than other men with plainer wives, save the few who bequeath their fortunes according to primogeniture. With respect to the opposite form of selection, namely of the more attractive men by the women, although in civilised nations women have free or almost free choice, which is not the case with barbarous races, yet their choice is largely influenced by the social position and wealth of the men; and the success of the latter in life depends much on their intellectual powers and energy, or on the fruits of these same powers in their forefathers. No excuse is needed for treating this subject in some detail; for, as the German philosopher Schopenhauer remarks, "the final aim of all love intrigues, be they comic or tragic, is really of more importance than all other ends in human life. What it all turns upon is nothing less than the composition of the next generation. . . . It is not the weal or woe of any one individual, but that of the human race to come, which is here at stake."
There is, however, reason to believe that in certain civilised and semi-civilised nations sexual selection has effected something in modifying the bodily frame of some of the members. Many persons are convinced, as it appears to me with justice, that our aristocracy, including under this term all wealthy families in which primogeniture has long prevailed, from having chosen during many generations from all classes the more beautiful women as their wives, have become handsomer, according to the European standard, than the middle classes; yet the middle classes are placed under equally favourable conditions of life for the perfect development of the body. Cook remarks that the superiority in personal appearance "which is observable in the erees or nobles in all the other islands (of the Pacific) is found in the Sandwich islands;" but this may be chiefly due to their better food and manner of life.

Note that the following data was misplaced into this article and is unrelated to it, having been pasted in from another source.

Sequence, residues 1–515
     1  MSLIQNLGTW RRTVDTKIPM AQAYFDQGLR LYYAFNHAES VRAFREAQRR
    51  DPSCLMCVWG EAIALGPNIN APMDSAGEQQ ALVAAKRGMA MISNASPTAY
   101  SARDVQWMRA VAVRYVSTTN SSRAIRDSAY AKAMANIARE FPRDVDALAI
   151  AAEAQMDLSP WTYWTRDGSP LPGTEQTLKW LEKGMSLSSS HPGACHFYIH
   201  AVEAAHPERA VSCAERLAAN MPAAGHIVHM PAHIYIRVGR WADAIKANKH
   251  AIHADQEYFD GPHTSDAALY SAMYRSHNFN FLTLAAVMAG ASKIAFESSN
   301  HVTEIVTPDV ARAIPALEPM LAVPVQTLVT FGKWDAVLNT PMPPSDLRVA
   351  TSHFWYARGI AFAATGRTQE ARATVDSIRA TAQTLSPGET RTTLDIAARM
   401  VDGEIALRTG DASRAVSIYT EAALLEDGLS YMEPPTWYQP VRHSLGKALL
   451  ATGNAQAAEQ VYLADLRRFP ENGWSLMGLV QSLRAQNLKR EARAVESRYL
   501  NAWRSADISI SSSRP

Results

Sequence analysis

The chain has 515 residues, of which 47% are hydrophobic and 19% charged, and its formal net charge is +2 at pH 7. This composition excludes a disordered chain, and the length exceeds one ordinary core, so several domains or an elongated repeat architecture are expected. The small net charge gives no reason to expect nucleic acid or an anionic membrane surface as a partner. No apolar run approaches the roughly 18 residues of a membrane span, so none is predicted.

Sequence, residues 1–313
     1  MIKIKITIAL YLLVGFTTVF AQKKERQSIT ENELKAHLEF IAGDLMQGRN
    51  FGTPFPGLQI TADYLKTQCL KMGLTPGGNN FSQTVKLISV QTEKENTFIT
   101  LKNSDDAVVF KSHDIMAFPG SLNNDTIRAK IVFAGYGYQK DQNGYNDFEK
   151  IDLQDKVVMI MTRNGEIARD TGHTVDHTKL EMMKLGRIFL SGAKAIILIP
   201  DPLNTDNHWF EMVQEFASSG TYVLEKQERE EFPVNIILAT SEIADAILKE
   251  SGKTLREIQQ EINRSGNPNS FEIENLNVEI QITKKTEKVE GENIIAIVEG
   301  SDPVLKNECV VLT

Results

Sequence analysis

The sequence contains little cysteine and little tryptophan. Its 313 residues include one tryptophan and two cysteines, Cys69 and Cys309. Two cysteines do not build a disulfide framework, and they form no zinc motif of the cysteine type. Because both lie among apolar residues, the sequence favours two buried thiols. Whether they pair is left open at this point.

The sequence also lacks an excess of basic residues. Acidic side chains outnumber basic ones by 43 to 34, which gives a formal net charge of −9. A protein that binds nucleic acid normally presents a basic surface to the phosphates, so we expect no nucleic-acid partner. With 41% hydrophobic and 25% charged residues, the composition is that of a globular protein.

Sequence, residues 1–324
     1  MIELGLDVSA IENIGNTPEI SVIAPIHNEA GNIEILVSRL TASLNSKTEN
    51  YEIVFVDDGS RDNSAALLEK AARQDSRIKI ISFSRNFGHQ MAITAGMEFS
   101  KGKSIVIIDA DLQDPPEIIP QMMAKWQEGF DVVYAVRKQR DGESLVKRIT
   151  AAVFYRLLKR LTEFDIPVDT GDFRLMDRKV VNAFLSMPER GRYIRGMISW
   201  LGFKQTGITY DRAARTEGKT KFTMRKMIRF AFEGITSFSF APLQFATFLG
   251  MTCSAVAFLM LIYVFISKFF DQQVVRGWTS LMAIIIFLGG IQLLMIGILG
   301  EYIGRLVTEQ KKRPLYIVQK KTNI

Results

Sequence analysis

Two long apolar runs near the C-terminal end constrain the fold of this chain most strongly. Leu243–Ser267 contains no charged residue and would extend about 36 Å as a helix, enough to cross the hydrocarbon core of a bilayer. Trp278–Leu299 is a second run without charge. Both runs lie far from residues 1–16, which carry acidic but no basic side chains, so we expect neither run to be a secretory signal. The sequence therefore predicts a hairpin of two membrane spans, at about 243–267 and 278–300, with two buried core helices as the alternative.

The old traveller Chardin, in describing the Persians, says their "blood is now highly refined by frequent intermixtures with the Georgians and Circassians, two nations which surpass all the world in personal beauty. There is hardly a man of rank in Persia who is not born of a Georgian or Circassian mother." He adds that they inherit their beauty, "not from their ancestors, for without the above mixture, the men of rank in Persia, who are descendants of the Tartars, would be extremely ugly." Here is a more curious case; the priestesses
- 'Schopenhauer and Darwinism,' in 'Journal of Anthropology,' Jan. 1871, p. 323.
- These quotations are taken from Lawrence ('Lectures on Physiology,' &c. 1822, p. 393), who attributes the beauty of the upper classes in England to the men having long elected the more beautiful women.